“I get it,” she said. “They seem to have hired people at the top of their game in terms of public relations and so they’re expecting opposition.”

The vineyard property slated for the project is in unincorporated Sonoma County between Windsor and Santa Rosa.

The vineyard’s entrance on Wednesday was framed by a wrought iron gate with a tree-lined driveway leading to a country villa. Though the area is dominated by agriculture, a subdivision in eastern Windsor with dozens of large homes sits just across East Shiloh Road to the north.

To the west, on the western side of Old Redwood Highway, is a large mobile home park. San Miguel Elementary School is about a 10-minute walk to the south, off Faught Road.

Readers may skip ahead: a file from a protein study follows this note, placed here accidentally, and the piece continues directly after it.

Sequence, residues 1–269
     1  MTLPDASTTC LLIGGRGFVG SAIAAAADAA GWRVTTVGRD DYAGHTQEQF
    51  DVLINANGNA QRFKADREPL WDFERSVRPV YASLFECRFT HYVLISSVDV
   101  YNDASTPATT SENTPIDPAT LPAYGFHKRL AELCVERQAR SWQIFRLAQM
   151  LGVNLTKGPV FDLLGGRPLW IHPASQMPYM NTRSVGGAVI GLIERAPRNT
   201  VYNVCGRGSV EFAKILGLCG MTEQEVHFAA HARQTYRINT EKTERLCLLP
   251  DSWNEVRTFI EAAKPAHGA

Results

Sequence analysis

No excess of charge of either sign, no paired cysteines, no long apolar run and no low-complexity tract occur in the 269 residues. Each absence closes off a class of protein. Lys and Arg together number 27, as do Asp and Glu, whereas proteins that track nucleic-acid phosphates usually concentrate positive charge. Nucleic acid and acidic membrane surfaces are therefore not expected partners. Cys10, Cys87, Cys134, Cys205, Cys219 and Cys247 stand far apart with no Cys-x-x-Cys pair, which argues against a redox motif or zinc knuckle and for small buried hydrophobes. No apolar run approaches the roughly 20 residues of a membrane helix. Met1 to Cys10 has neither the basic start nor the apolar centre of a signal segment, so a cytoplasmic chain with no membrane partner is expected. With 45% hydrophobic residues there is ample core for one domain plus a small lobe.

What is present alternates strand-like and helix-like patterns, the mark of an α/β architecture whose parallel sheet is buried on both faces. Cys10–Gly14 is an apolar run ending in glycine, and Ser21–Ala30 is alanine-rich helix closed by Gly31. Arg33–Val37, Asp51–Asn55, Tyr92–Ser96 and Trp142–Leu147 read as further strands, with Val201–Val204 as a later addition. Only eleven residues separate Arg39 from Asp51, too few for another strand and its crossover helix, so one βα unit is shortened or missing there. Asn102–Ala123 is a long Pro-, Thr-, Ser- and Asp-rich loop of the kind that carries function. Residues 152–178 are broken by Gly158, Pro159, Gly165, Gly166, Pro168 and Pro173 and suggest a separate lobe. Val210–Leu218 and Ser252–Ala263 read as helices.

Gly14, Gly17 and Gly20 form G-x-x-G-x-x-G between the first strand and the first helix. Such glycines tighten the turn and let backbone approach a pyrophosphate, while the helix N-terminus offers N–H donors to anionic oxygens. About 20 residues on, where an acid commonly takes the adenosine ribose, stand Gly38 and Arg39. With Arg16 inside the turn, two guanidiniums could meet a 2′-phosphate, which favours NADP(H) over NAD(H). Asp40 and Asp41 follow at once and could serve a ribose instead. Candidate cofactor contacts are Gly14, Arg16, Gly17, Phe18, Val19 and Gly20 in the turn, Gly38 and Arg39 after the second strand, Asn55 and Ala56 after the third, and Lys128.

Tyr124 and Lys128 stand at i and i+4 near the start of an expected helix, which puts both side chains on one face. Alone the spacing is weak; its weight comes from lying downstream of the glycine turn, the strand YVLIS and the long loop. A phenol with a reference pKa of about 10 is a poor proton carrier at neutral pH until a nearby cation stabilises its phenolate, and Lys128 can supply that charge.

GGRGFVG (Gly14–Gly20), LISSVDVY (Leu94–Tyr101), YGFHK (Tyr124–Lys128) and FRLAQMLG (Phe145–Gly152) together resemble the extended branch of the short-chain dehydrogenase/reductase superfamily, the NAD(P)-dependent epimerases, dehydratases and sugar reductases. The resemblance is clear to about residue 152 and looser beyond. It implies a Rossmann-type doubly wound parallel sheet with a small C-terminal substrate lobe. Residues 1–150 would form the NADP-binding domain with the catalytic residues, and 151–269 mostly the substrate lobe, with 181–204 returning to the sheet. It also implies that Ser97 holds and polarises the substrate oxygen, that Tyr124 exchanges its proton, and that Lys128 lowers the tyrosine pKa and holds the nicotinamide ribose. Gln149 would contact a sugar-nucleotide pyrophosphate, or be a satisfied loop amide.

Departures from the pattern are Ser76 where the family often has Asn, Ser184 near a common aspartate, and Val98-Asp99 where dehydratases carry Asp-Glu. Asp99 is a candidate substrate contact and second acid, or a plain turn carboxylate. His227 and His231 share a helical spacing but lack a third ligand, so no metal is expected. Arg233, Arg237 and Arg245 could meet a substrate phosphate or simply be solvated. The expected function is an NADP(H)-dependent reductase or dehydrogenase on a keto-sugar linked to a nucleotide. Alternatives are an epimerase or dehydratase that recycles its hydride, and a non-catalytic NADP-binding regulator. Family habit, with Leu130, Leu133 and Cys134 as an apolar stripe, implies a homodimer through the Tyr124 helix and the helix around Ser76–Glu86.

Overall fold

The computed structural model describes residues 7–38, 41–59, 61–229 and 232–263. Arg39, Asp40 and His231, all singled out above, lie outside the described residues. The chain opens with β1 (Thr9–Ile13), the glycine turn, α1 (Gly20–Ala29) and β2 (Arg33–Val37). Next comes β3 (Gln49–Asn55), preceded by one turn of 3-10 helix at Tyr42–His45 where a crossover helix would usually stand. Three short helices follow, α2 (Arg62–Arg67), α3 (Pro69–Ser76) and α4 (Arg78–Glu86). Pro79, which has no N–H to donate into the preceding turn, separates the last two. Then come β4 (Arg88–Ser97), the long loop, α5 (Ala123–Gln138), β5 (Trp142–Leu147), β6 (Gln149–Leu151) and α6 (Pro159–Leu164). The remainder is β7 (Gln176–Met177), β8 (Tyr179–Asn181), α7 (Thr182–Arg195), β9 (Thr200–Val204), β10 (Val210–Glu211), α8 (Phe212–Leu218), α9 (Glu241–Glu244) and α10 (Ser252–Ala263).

And to the east is the 850-acre Shiloh Ranch Regional Park, a popular destination for hikers with 8 miles of winding trails leading through the Mayacamas Mountains.

The Koi Nation plans to seek out private investors to help finance the massive development, said Singer, the tribe’s spokesman. He said there’s a “great deal of interest in this project,” though he declined to share the names of any investors.

The Koi Nation anticipates that an undetermined portion of the Shiloh casino resort’s revenue will be shared with the broader community through the support of local organizations.

Once built and fully operational, the resort is expected to employ more than 1,100 full-time workers.

The Koi Nation is one of the remaining groups of Pomo people who have been without their own land for most of the last 150 years. Ancestors of the Koi Nation were part of the Southeastern Pomo people who lived on the island Koi on Clear Lake, according to the tribe’s website.